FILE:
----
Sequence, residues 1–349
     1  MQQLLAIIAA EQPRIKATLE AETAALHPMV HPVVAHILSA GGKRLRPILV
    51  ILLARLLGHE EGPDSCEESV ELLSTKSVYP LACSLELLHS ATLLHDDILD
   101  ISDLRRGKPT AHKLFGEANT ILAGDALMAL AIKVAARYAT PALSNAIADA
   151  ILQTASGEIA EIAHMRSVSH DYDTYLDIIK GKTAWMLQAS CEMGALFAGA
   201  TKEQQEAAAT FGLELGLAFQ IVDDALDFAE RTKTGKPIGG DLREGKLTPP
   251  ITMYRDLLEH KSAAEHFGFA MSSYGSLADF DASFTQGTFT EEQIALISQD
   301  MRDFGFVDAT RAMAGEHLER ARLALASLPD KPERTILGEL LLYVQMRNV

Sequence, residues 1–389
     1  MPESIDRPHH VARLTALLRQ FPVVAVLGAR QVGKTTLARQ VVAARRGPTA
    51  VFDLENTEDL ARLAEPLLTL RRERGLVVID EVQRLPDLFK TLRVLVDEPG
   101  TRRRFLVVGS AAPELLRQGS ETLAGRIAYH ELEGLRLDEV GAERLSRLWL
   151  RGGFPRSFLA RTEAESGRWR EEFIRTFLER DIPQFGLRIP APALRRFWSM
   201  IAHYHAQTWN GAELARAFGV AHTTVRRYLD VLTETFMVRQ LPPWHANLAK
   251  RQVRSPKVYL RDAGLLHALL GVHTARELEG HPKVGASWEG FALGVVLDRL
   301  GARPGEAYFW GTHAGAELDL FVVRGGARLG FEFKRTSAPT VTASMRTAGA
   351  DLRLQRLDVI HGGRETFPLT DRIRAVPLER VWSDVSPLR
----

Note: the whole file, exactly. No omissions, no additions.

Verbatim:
Sequence, residues 1–349
     1  MQQLLAIIAA EQPRIKATLE AETAALHPMV HPVVAHILSA GGKRLRPILV
    51  ILLARLLGHE EGPDSCEESV ELLSTKSVYP LACSLELLHS ATLLHDDILD
   101  ISDLRRGKPT AHKLFGEANT ILAGDALMAL AIKVAARYAT PALSNAIADA
   151  ILQTASGEIA EIAHMRSVSH DYDTYLDIIK GKTAWMLQAS CEMGALFAGA
   201  TKEQQEAAAT FGLELGLAFQ IVDDALDFAE RTKTGKPIGG DLREGKLTPP
   251  ITMYRDLLEH KSAAEHFGFA MSSYGSLADF DASFTQGTFT EEQIALISQD
   301  MRDFGFVDAT RAMAGEHLER ARLALASLPD KPERTILGEL LLYVQMRNV

Sequence, residues 1–389
     1  MPESIDRPHH VARLTALLRQ FPVVAVLGAR QVGKTTLARQ VVAARRGPTA
    51  VFDLENTEDL ARLAEPLLTL RRERGLVVID EVQRLPDLFK TLRVLVDEPG
   101  TRRRFLVVGS AAPELLRQGS ETLAGRIAYH ELEGLRLDEV GAERLSRLWL
   151  RGGFPRSFLA RTEAESGRWR EEFIRTFLER DIPQFGLRIP APALRRFWSM
   201  IAHYHAQTWN GAELARAFGV AHTTVRRYLD VLTETFMVRQ LPPWHANLAK
   251  RQVRSPKVYL RDAGLLHALL GVHTARELEG HPKVGASWEG FALGVVLDRL
   301  GARPGEAYFW GTHAGAELDL FVVRGGARLG FEFKRTSAPT VTASMRTAGA
   351  DLRLQRLDVI HGGRETFPLT DRIRAVPLER VWSDVSPLR